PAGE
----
Pre-teens and teenagers are most likely to suffer from the slipped capital femoral epiphysis (SCFE) condition, implying an early-onset of hip osteoarthritis. In SCFE condition, the ball at the head of the thighbone slips in a backward direction from the neck of the bone.
Early diagnosis and suitable treatment are a must for a patient suffering from SCFE. Further delay could lead to complications such as painful arthritis in the hip joint and/or degeneration of the femoral head, making it difficult for the patient to live normally. The patient experiences stiffness, pain, and instability in the affected hip.
SCFE could begin once the child attains puberty and thereafter, that when the child experiences fast growth. SCFE in boys can occur between 12 – 16 years, while it occurs between 10 and 14 years of age in girls. The incidence of SCFE is more in boys than girls, while some of its reasons could be overweight and family history of SCFE.
If it occurs to children younger or older than the 10 – 16 years age group, they could be suffering from an endocrine or metabolic condition such as hyperthyroidism or hypothyroidism.
On the other hand, a minor fall or trauma could lead to SCFE condition in the child. Therefore, the onset of Slipped Capital Femoral Epiphysis is gradual. As a result, the affected hip will change its biomechanics, vascularity, and range of motion.
There are two types of slipped capital femoral epiphysis viz. stable and unstable. A patient with stable slipped capital femoral epiphysis can walk comfortably and bear weight either with or without crutches. On the other hand, a patient with unstable slipped capital femoral epiphysis cannot walk even with crutches.
Patients with Slipped capital femoral epiphysis complain of instability in the hip, stiffness, and pain, especially in the knee. The affected hip will not be able to bear weight, and the affected leg may appear shorter.
The patients may complain of pain in the hip and the knee, groin, and thigh for weeks or months at varying intervals. The intensity of pain increases after activity leading to an abnormal gait. The affected hip can develop increased external rotation and out-toed gait.
For the correct diagnosis and treatment, it is essential to determine whether the affected hip and leg can bear weight or not. Usually, SCFE occurs on one side, while its occurrence on the other hip can take place within a year and a half after its initial onset.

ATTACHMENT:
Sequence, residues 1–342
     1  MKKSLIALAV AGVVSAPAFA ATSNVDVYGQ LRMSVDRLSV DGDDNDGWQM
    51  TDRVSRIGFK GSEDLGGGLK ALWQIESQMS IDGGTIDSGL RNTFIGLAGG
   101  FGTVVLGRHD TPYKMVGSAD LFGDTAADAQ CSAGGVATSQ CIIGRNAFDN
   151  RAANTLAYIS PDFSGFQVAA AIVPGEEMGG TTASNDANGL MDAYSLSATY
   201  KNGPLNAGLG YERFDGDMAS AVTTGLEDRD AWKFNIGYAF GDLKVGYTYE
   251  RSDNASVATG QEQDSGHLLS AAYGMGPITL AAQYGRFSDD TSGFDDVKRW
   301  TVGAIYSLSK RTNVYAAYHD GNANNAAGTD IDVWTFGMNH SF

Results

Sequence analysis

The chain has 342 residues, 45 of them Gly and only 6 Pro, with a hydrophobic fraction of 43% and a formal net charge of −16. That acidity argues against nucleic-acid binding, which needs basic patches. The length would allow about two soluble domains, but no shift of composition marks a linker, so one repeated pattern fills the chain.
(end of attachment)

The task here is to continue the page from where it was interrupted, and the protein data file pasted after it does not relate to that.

The orthopedic surgeon will conduct a physical examination of the patient and the general health and medical history. The doctor will check the affected hip and leg for pain, the extent of the range of motions, muscle movement, and spasms. The patient will have to walk while the doctor will check for abnormalities in the walking pattern, including a limp.
Also, the doctor will suggest x-rays to study the bone structure of the hip, pelvis, and thigh from various angles. If required, an MRI is recommended.
The orthopedic surgeon will focus on treating the SCFE condition to
After confirming the SCFE condition, the patient should not put any weight on the affected hip and leg. The orthopedic surgeon recommends surgery as soon as possible to correct and stabilize the affected hip.
In situ fixation – This procedure is performed to treat stable or mild SCFE conditions. The doctor will insert a metal screw across the growth plate so that the position of the femoral head is maintained and to prevent further slippage. The doctor performs this procedure by making a small incision near the hip. Once the growth plate is closed or fused over time, there is no chance of slippage occurring.
Open Reduction – This procedure is done on patients with unstable SCFE. It is an extensive procedure with a longer recovery period. In an open reduction procedure, the surgeon will make an open incision in the hip to manipulate the femoral head in its normal position. Then the surgeon will insert a couple of screws to hold the bone in place till the growth plate closes.
Despite early detection and administration of suitable treatment, the following complications could occur –
Severe conditions of SCFE may lead to interruption of blood supply to the femoral head leading to a gradual yet painful collapsing of the bone. This condition is known as avascular necrosis (AVN) or osteonecrosis.
The articular cartilage cover of the bone also collapses, and the bones rub against each other, causing arthritic pain in the joint. The patient could require a Hip reconstruction surgery to restore the hip joint and its mobility.
Chondrolysis is a serious complication of SCFE though it occurs rarely. In this condition, the articular cartilage degenerates rapidly, and the patient complains of pain, deformed hip accompanied by total loss of movement in the affected hip. Inflammation in the hip joint could be one of the reasons for chondrolysis.
Treatment of chondroloysis involves anti-inflammatory medications and physical therapy. In most cases, the recovery is gradual, and reconstructive surgery seems to be the best option for regaining movement in the hip.
Impingement within the hip joint occurs as the screw is placed to stabilize the slipped capital femoral epiphysis. Changes in the shape of the femur and/or socket can lead to femoroacetabular impingement (FAI). To resolve this condition, procedures involving arthroscopy, screw removal, and open reconstruction are performed to relieve the patient from pain on FAI and/or limited mobility in the hip.
Over the years, studies have revealed relatively good outcomes for patients with mild or moderate SCFE conditions as there was no need to seek further procedures after their initial treatment.
On the other hand, procedures such as open reduction and internal fixation have been considered on patients who were earlier treated for severe SCFE conditions.